The valley-altering plan is the Wallowa Valley
Water Management Plan of 2004, contained in Senate
Bill S. 1355RS. This Bill is close to
passage in Congress. To view this Bill please
Among the Bill's most significant features:
- locking up valley irrigation water and placing
it under outside control;
- disrupting the valley ecosystem with water
transfers and pipelines; and
- facilitating the (re)introduction of endangered
species of salmon.
Water War in the Making at Wallowa
By Rachael McDonald
JOSEPH, OR 2004-06-28
(Oregon Considered) - A proposed new dam in
Eastern Oregon is dividing the citizens of
sparsely populated Wallowa County. The Nez Perce
tribe and many local farmers are seeking federal
funds for the project. But others are angry that
the money will come with strings attached and
they're fighting to keep the government out.
The Wallowa Valley is breathtakingly beautiful.
Lush and green after spring rains, with snowcapped
peaks in the Eagle Cap Wilderness looming high to
the west. At the foot of Wallowa Lake is a
Jim Harbeck: "Old Chief Joseph, when he died he
wanted to be buried close to his people."
Jim Harbeck is a biologist for the Nez Perce
Tribe. He points to Chief Joseph's final resting
Jim Harbeck: "And he wanted to be buried there
because he knew that his people would always be
here because the fish would be here."
Since the days of Chief Joseph, this valley has
been a land of conflict and heartbreak. The Nez
Perce were pushed out. Then white settlers blocked
the river and started irrigated farming. Like many
places in the northwest the dam has spelled doom
Jim Harbeck: "You can't help but have a gut
reaction to a place like this in the fall, and
when you see perfect conditions and there's no
salmon here. There should be salmon here. And to
be honest that's a horrible feeling."
The 90-year-old Wallowa dam is in disrepair and
how to fix it is now at the center of a fight over
the future of the valley. The Nez Perce would like
a new dam to include fish ladders and a pipeline
to help restore sockeye and Chinook to the region.
The trouble is the project will cost $32 million.
Local landowners who are members of the privately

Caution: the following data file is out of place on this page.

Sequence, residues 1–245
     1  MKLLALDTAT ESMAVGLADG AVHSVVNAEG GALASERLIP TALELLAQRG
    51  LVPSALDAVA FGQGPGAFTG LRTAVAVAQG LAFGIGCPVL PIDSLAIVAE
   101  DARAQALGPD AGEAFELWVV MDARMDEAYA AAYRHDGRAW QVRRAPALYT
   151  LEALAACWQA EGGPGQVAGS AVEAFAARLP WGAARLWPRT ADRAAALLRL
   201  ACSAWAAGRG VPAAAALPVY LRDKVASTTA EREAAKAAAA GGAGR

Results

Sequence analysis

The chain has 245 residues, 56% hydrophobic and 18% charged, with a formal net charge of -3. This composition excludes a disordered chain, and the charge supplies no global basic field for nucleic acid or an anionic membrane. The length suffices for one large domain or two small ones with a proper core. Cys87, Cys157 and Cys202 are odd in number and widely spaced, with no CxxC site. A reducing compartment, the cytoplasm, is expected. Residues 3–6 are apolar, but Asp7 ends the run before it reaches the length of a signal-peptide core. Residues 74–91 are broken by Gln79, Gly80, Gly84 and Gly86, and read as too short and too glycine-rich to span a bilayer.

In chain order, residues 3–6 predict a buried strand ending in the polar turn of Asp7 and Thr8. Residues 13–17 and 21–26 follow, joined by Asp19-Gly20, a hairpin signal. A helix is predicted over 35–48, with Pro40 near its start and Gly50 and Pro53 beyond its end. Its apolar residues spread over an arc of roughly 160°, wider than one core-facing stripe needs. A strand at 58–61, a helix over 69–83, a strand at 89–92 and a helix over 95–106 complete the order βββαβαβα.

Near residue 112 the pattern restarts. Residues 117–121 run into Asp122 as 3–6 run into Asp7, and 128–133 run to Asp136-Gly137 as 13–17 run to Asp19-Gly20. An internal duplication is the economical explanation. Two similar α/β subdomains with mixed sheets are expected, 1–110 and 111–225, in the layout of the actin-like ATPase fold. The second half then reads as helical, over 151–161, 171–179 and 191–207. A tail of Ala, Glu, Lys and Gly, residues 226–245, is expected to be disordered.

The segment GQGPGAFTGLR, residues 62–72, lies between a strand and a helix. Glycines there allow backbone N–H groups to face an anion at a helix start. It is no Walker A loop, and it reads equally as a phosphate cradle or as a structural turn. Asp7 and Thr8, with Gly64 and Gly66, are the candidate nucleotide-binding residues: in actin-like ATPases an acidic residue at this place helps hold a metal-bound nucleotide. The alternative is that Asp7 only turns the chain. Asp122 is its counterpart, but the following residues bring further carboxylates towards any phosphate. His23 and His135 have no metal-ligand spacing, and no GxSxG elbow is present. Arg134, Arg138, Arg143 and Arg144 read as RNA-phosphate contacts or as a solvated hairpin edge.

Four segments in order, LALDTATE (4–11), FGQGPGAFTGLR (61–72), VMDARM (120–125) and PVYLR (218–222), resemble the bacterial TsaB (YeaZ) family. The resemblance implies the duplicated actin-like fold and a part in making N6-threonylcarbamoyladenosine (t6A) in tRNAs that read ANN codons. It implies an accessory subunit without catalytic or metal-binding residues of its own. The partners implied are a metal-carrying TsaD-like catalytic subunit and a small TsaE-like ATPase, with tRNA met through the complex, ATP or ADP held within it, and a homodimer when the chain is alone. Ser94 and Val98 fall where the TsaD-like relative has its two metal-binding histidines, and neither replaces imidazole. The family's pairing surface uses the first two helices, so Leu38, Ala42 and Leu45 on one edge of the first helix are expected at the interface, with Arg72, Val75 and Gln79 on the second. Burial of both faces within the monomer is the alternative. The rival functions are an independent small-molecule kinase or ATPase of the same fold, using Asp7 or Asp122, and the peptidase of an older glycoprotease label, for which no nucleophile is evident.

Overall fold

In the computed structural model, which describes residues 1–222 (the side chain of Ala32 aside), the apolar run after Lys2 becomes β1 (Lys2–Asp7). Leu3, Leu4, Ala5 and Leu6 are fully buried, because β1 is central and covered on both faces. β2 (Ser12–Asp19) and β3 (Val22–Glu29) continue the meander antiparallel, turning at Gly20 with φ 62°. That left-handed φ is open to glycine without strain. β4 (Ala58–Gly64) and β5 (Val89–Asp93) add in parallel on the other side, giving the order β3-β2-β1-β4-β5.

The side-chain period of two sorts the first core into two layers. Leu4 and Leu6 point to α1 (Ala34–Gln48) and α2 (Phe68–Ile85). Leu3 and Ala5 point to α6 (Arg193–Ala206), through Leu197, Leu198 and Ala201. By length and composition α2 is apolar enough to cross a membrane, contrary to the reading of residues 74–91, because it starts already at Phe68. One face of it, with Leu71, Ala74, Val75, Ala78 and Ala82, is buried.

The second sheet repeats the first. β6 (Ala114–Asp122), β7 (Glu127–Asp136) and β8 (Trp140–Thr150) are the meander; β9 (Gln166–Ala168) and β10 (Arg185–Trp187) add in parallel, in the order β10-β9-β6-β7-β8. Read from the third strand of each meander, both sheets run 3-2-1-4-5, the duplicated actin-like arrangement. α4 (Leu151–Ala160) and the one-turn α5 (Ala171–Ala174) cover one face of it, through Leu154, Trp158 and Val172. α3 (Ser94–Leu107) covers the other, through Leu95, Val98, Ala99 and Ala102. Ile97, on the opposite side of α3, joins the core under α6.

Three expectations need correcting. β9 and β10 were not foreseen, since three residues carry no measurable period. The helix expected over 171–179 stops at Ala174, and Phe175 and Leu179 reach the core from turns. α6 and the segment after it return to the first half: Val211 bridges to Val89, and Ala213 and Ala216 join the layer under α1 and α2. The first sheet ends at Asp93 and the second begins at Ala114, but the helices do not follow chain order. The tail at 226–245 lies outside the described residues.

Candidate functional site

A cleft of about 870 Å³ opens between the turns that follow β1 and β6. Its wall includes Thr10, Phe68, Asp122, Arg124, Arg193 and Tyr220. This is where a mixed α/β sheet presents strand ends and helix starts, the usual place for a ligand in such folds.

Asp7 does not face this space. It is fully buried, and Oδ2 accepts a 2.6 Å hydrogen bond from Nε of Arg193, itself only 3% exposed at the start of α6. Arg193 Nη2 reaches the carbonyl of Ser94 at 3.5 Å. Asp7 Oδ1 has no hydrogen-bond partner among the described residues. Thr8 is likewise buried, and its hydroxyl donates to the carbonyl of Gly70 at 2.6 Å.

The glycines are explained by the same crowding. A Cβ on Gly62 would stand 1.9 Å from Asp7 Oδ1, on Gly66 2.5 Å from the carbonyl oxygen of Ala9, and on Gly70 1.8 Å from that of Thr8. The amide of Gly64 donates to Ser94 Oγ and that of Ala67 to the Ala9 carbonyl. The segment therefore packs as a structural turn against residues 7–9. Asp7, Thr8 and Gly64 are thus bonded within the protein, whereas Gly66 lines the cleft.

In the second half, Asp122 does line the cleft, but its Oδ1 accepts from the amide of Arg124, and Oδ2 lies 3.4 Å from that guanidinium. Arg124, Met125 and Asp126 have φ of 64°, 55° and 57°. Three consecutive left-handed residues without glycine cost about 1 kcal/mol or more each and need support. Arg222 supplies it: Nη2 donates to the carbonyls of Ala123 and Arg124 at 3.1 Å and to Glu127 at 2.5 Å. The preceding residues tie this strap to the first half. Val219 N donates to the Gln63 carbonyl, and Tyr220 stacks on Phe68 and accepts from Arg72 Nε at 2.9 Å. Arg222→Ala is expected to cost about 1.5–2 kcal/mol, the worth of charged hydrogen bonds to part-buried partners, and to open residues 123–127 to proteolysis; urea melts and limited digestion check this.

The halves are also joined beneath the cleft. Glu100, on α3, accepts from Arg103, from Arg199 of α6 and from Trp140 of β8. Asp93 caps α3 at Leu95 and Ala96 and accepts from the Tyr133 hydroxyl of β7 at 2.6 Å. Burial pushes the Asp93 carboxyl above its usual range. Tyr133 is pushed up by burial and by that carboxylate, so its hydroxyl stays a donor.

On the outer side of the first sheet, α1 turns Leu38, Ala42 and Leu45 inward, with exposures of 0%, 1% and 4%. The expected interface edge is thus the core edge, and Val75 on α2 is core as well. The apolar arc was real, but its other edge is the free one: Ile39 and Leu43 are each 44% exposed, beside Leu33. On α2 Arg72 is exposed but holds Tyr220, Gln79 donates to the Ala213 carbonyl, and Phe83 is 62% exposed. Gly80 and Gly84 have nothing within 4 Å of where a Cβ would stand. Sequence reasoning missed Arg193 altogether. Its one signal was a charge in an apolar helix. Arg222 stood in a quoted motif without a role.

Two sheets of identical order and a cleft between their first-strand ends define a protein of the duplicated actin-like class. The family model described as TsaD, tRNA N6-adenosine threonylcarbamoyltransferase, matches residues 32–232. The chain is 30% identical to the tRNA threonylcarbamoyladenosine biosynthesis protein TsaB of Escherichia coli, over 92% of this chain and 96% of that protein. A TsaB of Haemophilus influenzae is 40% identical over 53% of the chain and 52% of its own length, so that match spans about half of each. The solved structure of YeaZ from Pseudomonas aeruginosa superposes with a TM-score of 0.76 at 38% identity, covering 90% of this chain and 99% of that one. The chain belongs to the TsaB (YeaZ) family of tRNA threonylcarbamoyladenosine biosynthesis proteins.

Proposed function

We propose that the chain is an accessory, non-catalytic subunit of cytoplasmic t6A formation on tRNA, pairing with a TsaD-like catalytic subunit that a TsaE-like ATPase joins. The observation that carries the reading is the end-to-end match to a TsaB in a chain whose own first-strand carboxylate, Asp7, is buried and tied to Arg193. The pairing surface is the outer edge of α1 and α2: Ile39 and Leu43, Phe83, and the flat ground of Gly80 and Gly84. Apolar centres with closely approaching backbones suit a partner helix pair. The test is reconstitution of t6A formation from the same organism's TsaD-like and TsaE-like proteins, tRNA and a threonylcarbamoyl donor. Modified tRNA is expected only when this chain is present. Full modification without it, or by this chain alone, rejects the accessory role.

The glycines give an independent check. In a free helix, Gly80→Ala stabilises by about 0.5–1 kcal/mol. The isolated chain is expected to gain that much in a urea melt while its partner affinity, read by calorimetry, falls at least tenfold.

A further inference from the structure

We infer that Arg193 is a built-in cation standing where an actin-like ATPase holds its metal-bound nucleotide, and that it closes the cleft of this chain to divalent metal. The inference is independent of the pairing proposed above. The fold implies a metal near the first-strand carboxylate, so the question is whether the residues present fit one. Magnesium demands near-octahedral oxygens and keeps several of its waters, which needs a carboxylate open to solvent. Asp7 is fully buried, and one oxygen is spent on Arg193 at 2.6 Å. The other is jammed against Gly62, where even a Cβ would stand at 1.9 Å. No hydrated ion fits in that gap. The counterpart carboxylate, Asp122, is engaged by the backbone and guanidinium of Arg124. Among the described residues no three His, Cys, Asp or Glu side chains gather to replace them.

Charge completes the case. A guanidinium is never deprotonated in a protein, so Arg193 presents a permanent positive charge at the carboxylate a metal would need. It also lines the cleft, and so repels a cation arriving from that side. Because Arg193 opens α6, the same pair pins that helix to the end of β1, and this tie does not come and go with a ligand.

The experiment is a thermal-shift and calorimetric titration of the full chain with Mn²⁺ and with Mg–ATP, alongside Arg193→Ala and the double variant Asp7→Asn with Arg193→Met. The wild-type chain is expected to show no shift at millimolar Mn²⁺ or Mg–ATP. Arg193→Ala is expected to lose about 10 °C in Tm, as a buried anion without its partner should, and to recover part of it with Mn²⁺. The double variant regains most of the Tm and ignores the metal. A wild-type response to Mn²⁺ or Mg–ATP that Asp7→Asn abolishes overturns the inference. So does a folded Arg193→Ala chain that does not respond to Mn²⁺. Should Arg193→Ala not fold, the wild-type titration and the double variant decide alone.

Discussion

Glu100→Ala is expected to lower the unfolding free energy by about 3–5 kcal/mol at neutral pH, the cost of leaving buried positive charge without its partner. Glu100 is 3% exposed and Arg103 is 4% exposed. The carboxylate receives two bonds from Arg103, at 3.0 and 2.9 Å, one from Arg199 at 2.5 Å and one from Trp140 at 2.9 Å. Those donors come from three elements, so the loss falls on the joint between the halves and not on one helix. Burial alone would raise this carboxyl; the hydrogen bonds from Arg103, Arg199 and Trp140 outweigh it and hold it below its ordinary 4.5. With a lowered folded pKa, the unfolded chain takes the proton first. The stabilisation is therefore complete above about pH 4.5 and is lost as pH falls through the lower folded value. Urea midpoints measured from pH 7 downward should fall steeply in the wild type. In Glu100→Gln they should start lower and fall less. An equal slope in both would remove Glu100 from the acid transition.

owned Associated Ditch Companies, say they can't
David Hockett: "We looked at a lot of different
funding sources, talked to a lot of people. It
became painfully obvious that we were going to
have to go to the federal government for help. Not
something we wanted to do right off the top."
David Hockett is a manager with the Associated
Ditch Companies. At town meetings, he's built
support among many local farmers for a water plan
that includes both irrigation and salmon
Farmer Jim Dawson likes the idea even though the
return of salmon may bring more federal scrutiny
to this isolated corner of Oregon.
Jim Dawson: "The regulators are already here. And
these laws are going to be complied with either
voluntarily or involuntarily. We prefer to do it
as a partner with the regulators and with the
other agencies, rather than butting heads with
Others are afraid. For nearly a century control of
the valley's water has been in the hands of
farmers and ranchers and the new dam proposal
would more clearly include other stakeholders.
Wayne Wolfe: "We got a nice little valley here and
we do our own business and if they let all those
agencies in here and the tribe, I think they're
going to ruin Wallowa County. I can't understand
why they'd even want such a thing."
Wayne Wolfe is a Wallowa old timer. He's been
raising cattle here for 50 years. Wearing a seed
cap and faded, dirt-stained jeans, he stands in
the shade of his hay barn.
What drives his fear is what happened in the
Klamath Basin in Southern Oregon when irrigators
lost out to salmon because there wasn't enough
water for everyone.
Wayne Wolfe: "You know down in Klamath Falls, the
water was shut off, by government agencies. So,
why would they want to get them up here? I don't
The feud has grown bitter in recent weeks with
opponents taking out full page ads in the weekly
newspaper. One calls the Nez Perce tribe's
alliance with government agencies a "cabal" that
is deceiving and conspiring against farmers. In
other ads the dam proposal is described as a
"Trojan Horse" and, quote, a "water-wolf in
The dispute has even poured into the streets of
the valley's tiny agricultural towns. Opponents
lumbered down the main street of Joseph in
tractors, hay-trucks and pickups. With patriotic
music booming one truck towed a float depicting a
giant salmon with a farmer clenched in its teeth.
Resident #1: "We need our dam fixed but we don't
want government money in it."
Resident #2: "The government is gaining too much
control over the west and it's an eastern movement
as far as I'm concerned."
Resident #3: "I think the signs pretty well say it
all. We want to keep Wallowa water in Wallowa and
not have a lot of government agencies involved in
what we're doing here."
The Wallowa dam proposal is now in senate
committee in Washington. A vote is not expected
until the next congress convenes in January. Until
then, it's likely the deadlock over the future of
the valley's water will continue.
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